Palestinian Intel Chief - and Abbas' Potential Successor - Boasts of Efforts to Foil Attacks Against Israel

Majid Faraj, who claims to have prevented 200 attacks against Israelis, is the target of criticism on the Palestinian street, but not in the Deheisheh refugee camp where he grew up.

Jack Khoury
Jack Khoury
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Director of Palestinian General Intelligence in the West Bank Majid Faraj (L) whispers to Mahmoud Abbas during a meeting where he requested to join 15 UN agencies.
Majid Faraj and Mahmoud Abbas.Credit: AFP
Jack Khoury
Jack Khoury

Even a short visit to the West Bank city of Ramallah, where the Palestinian Authority is based, is enough to gain the impression that the battle for succession to Palestinian President Mahmoud Abbas as head of the Fatah movement is underway. It's not necessarily as much a contest among individuals as it is between generations. 

The younger generation wants change and greater opportunity while the old-timers want to maintain their own standing. One of the prominent names in the contest is the Palestinian Authority's 54-year-old chief of the Palestinian General Intelligence Service, Majid Faraj, who holds a rank equivalent to major general, and was appointed to his post by Abbas in 2009. He is considered close to Abbas and was been a member of the Palestinian delegations that have negotiated with Israel. He rarely grants interviews, however, making his political plans difficult to discern.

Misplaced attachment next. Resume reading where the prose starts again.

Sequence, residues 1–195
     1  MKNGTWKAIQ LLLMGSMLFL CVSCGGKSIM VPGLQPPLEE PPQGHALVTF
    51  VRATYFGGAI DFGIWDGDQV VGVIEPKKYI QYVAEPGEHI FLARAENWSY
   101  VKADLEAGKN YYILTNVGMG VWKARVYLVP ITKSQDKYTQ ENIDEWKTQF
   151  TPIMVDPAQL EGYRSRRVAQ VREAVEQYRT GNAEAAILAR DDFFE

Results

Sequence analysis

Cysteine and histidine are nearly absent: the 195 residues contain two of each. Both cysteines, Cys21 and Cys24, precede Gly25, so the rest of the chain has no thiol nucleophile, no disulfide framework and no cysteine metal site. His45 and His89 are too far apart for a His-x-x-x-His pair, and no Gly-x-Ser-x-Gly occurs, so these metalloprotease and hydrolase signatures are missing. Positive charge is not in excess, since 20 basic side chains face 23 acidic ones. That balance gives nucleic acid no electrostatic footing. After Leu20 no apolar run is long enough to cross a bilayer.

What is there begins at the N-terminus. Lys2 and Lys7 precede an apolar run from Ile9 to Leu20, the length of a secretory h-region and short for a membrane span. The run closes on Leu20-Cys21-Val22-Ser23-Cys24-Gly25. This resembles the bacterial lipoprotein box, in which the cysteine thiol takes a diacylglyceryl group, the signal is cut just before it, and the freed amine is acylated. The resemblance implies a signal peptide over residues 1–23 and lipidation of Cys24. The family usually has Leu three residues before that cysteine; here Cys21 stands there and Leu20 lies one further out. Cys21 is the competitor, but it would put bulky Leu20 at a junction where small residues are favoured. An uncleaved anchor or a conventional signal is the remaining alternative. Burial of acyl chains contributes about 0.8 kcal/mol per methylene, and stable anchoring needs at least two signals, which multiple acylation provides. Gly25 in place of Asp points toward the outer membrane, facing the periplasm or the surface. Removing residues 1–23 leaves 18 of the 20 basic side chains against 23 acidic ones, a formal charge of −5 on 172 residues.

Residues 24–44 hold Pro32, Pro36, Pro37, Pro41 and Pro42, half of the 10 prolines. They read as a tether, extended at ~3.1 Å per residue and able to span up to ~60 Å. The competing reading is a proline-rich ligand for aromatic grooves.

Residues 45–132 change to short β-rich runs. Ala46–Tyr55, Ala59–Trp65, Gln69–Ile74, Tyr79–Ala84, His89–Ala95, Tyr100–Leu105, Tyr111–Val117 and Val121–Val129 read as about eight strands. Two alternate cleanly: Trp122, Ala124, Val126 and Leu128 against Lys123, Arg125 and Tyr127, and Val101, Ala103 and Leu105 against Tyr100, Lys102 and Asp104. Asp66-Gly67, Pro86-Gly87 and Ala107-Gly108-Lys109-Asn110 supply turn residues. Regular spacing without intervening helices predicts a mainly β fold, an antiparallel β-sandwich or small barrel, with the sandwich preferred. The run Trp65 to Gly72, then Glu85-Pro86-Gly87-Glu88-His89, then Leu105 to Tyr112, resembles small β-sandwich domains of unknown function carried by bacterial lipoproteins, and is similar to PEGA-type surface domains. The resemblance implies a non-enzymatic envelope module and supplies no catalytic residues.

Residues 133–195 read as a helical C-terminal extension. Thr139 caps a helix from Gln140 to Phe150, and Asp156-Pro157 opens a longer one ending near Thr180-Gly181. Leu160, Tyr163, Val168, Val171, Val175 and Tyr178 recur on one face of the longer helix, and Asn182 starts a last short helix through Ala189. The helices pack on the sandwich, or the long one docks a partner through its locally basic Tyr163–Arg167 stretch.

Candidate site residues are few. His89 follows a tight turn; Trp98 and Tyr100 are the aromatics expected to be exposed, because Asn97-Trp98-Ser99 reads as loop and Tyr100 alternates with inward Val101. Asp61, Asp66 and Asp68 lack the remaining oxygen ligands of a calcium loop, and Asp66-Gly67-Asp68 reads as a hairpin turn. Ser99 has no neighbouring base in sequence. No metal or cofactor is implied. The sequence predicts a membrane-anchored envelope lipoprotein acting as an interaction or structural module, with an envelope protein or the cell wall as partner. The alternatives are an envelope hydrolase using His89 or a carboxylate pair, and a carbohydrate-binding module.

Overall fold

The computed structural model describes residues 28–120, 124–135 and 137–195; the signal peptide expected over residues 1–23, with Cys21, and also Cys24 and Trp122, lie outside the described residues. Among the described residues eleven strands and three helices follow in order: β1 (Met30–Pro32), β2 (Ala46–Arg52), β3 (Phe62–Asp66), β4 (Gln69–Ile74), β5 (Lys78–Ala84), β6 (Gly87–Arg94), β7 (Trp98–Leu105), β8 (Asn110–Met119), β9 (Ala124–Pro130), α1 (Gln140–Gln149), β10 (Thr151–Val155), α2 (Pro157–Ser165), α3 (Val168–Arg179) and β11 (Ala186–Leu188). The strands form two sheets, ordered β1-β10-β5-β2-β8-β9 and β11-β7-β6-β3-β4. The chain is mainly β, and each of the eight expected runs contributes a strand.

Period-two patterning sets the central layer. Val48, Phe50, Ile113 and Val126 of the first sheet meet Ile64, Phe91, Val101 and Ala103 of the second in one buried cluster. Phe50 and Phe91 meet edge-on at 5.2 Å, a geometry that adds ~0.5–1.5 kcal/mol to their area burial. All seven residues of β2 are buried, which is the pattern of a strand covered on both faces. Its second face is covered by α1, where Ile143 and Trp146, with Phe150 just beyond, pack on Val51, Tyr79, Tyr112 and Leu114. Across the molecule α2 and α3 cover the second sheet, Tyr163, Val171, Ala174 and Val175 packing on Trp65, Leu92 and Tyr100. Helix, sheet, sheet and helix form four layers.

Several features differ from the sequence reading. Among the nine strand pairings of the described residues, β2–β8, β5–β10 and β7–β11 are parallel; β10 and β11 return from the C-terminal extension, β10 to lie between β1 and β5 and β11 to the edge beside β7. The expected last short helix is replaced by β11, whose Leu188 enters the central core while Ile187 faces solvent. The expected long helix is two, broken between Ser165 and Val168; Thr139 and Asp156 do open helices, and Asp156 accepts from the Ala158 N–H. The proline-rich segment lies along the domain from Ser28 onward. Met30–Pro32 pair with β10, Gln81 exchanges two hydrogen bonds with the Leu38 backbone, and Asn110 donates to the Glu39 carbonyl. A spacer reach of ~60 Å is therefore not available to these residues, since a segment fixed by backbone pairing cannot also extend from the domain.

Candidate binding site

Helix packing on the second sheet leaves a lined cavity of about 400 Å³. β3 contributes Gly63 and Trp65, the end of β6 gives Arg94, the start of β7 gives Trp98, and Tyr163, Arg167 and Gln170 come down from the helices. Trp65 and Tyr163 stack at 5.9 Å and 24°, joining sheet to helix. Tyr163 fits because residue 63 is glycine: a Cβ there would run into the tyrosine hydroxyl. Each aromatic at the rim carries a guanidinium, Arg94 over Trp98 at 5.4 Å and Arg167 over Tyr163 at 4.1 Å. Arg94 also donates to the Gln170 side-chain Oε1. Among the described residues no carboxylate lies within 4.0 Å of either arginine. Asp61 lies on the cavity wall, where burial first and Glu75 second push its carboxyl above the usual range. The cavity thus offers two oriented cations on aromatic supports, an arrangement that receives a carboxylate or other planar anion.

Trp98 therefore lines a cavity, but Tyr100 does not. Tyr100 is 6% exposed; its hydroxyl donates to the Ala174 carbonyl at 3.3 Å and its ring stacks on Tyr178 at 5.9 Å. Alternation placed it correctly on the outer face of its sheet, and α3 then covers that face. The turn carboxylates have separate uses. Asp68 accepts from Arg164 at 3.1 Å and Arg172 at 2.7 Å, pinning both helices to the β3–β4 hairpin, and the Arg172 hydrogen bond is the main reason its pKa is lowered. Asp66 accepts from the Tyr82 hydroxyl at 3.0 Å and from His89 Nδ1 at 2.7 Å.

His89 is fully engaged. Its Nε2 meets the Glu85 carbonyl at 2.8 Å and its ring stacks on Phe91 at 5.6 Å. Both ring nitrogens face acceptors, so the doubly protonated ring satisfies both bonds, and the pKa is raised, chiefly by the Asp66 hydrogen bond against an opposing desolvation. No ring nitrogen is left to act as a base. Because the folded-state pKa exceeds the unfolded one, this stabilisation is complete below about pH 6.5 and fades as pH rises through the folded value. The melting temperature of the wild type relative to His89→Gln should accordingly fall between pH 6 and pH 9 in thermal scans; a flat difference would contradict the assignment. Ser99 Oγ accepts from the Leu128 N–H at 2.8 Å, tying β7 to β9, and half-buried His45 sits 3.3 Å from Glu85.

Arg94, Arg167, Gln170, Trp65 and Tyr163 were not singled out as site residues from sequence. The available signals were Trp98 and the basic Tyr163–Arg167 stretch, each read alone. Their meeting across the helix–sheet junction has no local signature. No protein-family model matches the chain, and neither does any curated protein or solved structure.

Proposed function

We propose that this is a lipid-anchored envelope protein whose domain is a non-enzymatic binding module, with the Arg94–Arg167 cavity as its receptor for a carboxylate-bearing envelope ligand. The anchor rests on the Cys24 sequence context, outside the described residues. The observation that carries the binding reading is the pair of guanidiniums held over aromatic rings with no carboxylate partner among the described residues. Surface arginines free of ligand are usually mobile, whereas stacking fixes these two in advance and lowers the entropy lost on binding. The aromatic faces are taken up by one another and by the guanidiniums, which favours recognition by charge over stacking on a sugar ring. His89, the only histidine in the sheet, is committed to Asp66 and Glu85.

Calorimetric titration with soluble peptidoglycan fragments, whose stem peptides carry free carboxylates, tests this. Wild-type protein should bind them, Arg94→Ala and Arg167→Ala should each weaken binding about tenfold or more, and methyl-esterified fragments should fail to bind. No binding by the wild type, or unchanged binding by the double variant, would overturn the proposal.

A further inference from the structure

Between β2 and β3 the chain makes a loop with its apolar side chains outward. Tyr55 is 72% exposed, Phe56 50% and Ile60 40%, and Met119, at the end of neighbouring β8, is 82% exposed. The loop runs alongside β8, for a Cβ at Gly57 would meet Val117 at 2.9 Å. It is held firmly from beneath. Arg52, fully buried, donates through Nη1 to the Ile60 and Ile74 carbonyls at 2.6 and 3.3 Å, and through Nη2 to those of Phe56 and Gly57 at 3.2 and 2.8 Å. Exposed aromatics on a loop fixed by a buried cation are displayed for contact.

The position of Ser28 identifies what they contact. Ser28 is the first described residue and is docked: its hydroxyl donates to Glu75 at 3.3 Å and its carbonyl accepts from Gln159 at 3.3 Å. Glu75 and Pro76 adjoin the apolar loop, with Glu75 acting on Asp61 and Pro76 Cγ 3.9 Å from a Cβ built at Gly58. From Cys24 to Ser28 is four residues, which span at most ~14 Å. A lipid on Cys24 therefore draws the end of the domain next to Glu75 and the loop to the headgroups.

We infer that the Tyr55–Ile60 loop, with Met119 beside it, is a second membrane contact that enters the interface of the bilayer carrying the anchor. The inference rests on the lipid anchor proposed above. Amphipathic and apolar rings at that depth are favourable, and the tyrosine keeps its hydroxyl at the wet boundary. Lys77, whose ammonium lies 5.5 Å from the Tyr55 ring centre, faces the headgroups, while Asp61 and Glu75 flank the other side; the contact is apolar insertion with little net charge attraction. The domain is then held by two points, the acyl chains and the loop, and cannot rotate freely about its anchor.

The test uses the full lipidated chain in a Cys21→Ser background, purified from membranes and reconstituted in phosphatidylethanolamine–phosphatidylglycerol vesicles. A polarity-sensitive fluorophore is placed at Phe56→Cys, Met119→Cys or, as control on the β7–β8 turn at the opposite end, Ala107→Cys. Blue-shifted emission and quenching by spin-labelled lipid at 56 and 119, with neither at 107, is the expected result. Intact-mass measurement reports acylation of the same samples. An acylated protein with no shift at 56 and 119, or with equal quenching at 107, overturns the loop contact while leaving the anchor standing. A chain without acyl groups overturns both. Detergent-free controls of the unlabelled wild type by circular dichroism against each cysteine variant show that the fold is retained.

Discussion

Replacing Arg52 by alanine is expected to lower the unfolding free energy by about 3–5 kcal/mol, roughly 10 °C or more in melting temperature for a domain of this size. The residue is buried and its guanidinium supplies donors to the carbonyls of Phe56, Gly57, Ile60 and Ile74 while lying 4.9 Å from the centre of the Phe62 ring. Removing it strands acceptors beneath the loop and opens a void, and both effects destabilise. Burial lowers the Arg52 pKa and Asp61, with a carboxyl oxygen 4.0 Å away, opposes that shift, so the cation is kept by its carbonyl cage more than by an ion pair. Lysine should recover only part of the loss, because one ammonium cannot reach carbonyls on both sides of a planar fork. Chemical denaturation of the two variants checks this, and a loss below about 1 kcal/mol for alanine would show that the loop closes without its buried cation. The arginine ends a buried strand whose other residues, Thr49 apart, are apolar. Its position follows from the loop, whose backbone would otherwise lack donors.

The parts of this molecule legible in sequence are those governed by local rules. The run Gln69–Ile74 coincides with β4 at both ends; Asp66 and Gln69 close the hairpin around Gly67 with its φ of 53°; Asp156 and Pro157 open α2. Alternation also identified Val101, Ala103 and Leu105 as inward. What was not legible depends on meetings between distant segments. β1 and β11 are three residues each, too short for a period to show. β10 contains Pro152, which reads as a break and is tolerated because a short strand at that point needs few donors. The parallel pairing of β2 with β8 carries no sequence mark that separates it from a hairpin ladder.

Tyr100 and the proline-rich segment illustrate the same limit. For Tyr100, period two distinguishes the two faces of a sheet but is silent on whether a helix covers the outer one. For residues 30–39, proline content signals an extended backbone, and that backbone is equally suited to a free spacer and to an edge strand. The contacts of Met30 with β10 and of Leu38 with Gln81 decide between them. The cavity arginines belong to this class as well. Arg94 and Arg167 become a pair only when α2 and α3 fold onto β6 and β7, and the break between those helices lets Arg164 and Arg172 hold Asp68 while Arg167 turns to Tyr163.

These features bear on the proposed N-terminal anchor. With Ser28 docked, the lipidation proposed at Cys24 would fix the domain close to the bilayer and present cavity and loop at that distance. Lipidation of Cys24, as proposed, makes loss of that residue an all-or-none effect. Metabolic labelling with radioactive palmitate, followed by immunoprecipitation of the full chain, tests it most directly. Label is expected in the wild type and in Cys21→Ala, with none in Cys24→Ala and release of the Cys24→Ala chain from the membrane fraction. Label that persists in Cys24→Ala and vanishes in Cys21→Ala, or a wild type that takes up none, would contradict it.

He did grant an interview earlier this month, however, to the U.S.-based Defense News website. Faraj said that Palestinian Authority security forces have foiled 200 attacks against Israelis since the beginning of the recent wave of violence, adding that the PA's security coordination with Israel will continue. The PA's security and intelligence forces have carried out more than 100 arrests of Palestinians in the West Bank, he said, and have confiscated large quantities of weapons.